You know you’re in a rut when you run out of ideas and inspiration. I personally see a rut as a productivity vacuum. It might very well be a reason why you aren’t getting results. Even as you spend more time on your work, you can’t seem to get anything constructive done. While I’m normally productive, I get into occasional ruts (especially when I’ve been working back-to-back without rest). During those times, I can spend an entire day in front of the computer and get nothing done. It can be quite frustrating.

Over time, I have tried and found several methods that are helpful to pull me out of a rut. If you experience ruts too, whether as a working professional, a writer, a blogger, a student or other work, you will find these useful. Here are 12 of my personal tips to get out of ruts:

1. Work on the small tasks.

When you are in a rut, tackle it by starting small. Clear away your smaller tasks which have been piling up. Reply to your emails, organize your documents, declutter your work space, and reply to private messages.

Whenever I finish doing that, I generate a positive momentum which I bring forward to my work.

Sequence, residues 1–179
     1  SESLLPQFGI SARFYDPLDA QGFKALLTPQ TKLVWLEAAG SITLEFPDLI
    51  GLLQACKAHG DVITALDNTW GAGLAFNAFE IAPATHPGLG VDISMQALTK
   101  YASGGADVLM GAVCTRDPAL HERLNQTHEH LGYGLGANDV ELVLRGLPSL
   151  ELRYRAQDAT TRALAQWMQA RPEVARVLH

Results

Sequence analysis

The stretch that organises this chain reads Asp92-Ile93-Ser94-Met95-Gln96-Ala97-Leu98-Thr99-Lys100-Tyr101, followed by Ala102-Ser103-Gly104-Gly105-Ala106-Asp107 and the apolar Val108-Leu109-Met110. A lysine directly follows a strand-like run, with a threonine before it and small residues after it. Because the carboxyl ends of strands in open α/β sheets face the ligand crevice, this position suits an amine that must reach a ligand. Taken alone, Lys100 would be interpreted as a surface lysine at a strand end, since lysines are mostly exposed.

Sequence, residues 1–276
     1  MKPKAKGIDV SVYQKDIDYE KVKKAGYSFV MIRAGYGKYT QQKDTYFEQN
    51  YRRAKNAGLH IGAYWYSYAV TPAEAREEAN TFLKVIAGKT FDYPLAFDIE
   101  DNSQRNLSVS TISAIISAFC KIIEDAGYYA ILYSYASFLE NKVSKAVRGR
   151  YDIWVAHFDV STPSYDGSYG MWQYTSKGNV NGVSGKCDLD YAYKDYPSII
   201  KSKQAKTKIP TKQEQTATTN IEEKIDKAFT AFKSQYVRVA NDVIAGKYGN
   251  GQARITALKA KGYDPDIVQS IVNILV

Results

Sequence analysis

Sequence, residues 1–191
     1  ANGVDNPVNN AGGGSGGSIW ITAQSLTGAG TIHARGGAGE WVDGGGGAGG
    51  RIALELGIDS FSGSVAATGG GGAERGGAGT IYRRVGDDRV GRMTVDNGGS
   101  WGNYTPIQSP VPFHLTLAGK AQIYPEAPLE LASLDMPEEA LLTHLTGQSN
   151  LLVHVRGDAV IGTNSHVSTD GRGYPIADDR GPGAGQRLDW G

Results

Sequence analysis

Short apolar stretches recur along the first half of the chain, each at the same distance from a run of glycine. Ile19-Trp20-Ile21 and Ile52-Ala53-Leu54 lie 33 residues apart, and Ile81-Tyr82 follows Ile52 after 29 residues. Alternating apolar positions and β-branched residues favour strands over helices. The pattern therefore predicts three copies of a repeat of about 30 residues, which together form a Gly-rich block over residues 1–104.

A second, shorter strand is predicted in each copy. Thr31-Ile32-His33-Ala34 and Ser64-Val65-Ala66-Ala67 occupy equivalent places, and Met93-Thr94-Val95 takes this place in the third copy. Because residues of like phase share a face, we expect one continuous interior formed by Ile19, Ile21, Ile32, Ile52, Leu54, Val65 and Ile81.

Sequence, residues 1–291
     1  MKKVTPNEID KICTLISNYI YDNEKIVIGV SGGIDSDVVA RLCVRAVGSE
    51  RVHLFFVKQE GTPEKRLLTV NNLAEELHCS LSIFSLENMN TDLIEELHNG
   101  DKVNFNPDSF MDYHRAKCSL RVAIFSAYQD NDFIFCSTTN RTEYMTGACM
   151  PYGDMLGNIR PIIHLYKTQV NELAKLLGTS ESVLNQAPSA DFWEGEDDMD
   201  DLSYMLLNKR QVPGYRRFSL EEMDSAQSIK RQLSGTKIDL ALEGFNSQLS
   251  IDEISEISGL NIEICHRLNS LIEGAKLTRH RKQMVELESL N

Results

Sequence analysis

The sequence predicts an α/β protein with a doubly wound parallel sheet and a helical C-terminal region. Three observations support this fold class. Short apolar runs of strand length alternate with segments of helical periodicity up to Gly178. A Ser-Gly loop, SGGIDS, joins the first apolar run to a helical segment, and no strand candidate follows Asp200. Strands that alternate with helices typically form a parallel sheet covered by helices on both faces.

2. Take a break from your work desk.

Get yourself away from your desk and go take a walk. Go to the washroom, walk around the office, go out and get a snack.

Your mind is too bogged down and needs some airing. Sometimes I get new ideas right after I walk away from my computer.

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3. Upgrade yourself

Take the down time to upgrade yourself. Go to a seminar. Read up on new materials (#7). Pick up a new language. Or any of the 42 ways here to improve yourself.

The modern computer uses different typefaces because Steve Jobs dropped in on a calligraphy class back in college. How’s that for inspiration?

4. Talk to a friend.

Talk to someone and get your mind off work for a while.

Talk about anything, from casual chatting to a deep conversation about something you really care about. You will be surprised at how the short encounter can be rejuvenating in its own way.

5. Forget about trying to be perfect.

If you are in a rut, the last thing you want to do is step on your own toes with perfectionist tendencies.

Just start small. Do what you can, at your own pace. Let yourself make mistakes.

Soon, a little trickle of inspiration will come. And then it’ll build up with more trickles. Before you know it, you have a whole stream of ideas.

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6. Paint a vision to work towards.

If you are continuously getting in a rut with your work, maybe there’s no vision inspiring you to move forward.

Think about why you are doing this, and what you are doing it for. What is the end vision in mind?

Make it as vivid as possible. Make sure it’s a vision that inspires you and use that to trigger you to action.